- Periodontal Diseases
One of the most common challenges associated with tooth crowding is cleaning the teeth and gums. Since the teeth are irregularly arranged, there could be areas that are hard to clean. In addition, misalignment and overcrowding allow the teeth and gums to accumulate plaque which harbors bacteria. As a result, tooth decay and gum disease are possible outcomes.
Gum diseases such as gingivitis and periodontitis may develop without proper dental cleaning and protection. In addition, gingivitis, or gum inflammation, entails swelling and bleeding of gums with mainly light-to-moderate pain or discomfort.
However, gingivitis can be easily prevented or healed by regularly brushing the teeth, flossing, and visiting the dentist for checkups and cleanings. Significantly, symptoms of gingivitis shouldn’t be ignored. While they can be tolerable; this ailment can gradually develop into periodontitis.
Meanwhile, periodontitis is a serious gum disease that could cause you to lose your teeth if you don’t get it treated. It’s caused by the growth of bacteria in the mouth, which infects the tissue and can harm the bone that holds your teeth in place.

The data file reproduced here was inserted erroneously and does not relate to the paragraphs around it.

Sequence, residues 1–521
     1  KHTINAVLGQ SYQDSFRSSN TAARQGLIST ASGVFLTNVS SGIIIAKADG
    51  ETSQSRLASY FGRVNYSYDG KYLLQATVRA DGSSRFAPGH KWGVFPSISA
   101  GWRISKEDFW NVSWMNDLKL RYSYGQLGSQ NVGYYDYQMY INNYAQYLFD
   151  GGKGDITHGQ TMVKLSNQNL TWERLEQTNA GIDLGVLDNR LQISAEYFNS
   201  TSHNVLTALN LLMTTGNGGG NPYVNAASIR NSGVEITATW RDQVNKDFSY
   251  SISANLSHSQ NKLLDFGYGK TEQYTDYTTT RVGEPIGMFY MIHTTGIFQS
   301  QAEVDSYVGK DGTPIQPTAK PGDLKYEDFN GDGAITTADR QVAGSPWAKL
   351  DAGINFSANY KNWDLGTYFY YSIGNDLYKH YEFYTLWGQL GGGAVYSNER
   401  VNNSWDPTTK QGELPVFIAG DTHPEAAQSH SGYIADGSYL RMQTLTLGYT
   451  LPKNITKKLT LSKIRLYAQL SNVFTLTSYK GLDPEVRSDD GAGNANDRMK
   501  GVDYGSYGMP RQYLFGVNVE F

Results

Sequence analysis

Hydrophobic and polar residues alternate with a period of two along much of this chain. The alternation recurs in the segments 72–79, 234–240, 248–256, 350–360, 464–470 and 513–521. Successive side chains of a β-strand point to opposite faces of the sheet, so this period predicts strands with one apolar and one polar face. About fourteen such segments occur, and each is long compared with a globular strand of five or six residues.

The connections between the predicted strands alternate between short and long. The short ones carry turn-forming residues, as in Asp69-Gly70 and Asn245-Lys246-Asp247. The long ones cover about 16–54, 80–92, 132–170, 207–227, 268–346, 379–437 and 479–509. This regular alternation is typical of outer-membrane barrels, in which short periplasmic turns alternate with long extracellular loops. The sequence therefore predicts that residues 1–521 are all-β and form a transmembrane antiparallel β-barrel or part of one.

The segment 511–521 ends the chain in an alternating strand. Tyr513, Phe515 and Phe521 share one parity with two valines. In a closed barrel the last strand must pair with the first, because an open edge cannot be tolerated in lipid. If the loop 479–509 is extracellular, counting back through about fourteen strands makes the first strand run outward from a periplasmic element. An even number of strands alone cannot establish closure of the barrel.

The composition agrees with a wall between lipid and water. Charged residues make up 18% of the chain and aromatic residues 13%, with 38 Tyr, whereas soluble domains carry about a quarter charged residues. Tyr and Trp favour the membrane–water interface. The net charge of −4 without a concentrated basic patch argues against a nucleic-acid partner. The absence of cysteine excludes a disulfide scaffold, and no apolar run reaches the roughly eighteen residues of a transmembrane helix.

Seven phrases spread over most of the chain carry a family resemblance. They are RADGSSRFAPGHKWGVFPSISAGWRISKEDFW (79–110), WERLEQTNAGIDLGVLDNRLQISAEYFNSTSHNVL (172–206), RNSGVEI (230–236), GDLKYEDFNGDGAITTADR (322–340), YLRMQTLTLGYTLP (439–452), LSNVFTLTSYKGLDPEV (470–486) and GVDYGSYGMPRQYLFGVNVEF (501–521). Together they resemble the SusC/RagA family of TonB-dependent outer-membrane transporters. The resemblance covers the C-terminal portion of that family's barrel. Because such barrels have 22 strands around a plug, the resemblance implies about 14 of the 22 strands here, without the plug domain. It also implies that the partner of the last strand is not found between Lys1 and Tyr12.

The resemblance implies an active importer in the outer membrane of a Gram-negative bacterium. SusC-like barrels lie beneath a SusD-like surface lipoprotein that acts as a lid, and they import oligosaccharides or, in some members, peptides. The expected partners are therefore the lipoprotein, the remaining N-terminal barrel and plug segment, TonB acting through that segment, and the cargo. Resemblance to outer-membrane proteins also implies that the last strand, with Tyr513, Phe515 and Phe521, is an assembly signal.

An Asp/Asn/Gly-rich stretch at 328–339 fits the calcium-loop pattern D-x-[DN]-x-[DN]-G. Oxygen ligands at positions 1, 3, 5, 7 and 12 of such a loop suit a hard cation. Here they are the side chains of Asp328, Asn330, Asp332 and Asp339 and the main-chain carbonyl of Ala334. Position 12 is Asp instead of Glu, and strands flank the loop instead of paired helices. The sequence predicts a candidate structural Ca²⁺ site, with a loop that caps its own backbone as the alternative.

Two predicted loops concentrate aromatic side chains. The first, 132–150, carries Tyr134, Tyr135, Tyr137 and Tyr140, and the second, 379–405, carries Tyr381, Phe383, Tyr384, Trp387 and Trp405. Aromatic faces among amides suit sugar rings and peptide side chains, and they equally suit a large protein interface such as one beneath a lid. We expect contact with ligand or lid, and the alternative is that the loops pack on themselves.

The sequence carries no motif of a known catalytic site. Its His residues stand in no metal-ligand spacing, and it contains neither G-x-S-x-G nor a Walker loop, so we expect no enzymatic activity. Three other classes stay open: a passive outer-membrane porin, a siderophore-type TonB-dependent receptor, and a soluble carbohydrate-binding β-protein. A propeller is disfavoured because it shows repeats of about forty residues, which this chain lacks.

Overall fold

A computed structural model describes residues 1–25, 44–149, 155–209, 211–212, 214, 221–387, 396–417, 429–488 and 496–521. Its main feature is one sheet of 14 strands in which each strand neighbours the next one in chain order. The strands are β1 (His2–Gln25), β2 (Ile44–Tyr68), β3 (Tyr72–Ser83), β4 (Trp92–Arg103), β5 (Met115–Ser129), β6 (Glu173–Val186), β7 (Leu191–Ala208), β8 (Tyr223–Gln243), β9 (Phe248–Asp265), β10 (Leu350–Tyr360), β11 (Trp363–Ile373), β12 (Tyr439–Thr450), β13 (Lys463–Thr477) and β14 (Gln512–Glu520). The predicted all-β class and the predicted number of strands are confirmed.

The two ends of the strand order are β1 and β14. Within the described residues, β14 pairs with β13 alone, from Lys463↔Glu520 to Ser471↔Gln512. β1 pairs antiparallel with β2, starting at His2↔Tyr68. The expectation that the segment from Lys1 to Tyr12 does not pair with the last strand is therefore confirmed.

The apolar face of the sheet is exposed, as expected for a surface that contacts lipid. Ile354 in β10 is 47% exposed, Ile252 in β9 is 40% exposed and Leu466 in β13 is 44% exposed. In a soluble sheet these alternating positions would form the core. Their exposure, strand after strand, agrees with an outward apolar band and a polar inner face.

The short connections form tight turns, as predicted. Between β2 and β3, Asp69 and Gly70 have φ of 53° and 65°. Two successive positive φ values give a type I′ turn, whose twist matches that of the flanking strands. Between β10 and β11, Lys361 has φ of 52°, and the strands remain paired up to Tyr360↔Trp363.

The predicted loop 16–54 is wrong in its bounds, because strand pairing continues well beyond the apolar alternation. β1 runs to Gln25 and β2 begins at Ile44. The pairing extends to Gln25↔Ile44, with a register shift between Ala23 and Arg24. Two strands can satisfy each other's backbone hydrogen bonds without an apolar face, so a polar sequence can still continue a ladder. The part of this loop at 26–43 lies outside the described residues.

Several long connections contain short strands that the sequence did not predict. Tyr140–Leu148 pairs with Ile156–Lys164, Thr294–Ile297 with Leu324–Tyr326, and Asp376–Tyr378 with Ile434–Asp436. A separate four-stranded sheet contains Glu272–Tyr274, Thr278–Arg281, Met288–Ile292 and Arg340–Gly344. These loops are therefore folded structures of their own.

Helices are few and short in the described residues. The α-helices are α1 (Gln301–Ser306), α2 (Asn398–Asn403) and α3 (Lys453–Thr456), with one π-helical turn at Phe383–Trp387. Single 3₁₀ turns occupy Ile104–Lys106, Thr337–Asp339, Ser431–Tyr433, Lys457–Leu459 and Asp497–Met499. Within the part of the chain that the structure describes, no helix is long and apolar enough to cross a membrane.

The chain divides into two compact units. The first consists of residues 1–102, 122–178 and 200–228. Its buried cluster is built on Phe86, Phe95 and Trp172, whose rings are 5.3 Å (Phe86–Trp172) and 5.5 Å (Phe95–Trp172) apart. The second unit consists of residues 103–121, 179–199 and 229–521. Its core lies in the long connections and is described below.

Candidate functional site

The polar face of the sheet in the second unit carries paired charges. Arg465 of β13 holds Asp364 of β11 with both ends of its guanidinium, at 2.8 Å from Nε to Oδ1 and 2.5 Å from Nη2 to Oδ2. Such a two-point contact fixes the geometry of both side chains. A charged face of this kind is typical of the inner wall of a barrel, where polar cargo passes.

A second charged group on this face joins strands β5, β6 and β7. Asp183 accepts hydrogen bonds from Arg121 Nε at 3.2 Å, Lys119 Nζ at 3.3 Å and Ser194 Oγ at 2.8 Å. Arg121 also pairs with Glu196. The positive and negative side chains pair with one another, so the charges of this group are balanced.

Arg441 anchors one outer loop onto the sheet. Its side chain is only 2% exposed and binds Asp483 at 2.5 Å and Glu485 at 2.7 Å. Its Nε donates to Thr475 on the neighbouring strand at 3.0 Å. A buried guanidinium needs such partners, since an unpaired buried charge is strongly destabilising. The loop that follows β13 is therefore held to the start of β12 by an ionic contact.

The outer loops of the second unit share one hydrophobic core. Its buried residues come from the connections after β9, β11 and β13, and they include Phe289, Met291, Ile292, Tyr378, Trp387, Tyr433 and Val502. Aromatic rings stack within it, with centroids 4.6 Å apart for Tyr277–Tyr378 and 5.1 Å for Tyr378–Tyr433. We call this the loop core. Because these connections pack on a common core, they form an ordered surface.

As the bacteria infect the gums, it can weaken the bone and muscle structure surrounding the tooth, loosen the tooth and disconnect it from the roots.
Bruxism refers to grinding teeth against each other, which usually happens unconsciously when a person is asleep. This condition is caused by many factors, one of which is tooth misalignment. If left unaddressed, bruxism can cause damage to the teeth, as well as pain in the mouth, jaw, and neck. In extreme cases, teeth grinding can lead to dislocation of the jaw bone.
For those suffering from bruxism, here are some examples of possible treatments:
- Dental correction
- Stress or anxiety management therapy
- Behavioral therapy
- Botox injections
Children and adults can recover from bruxism naturally. However, it can be disruptive to your daily life because of its related implications, such as jaw or neck pain, or sleep disorders. When this happens, it’s best to consult with your doctor about this condition.
Having crowded teeth can also lead to halitosis or bad breath. One might develop this condition due to teeth crowding because misalignment can make it difficult to clean the mouth thoroughly while brushing.
Furthermore, the unusual positioning of the teeth can make it easier for the mouth and gums to accumulate morsels of chewed food. When left uncleaned, these morsels become plaque, which builds up and sticks to the teeth and gums. Then, the plaque gives off a foul odor as bacteria settles in the mouth.
While it’s possible to give misaligned teeth thorough cleaning by brushing and flossing regularly, it’s not enough to remove foul odor from plaque. For this reason, it’s essential to visit the dentist and get a dental cleaning procedure along with possible treatments for tooth crowding.
- Migraine Or Chronic Headaches
Tooth crowding can cause migraines or continuous headaches due to the abnormal pressure placed upon each during movement.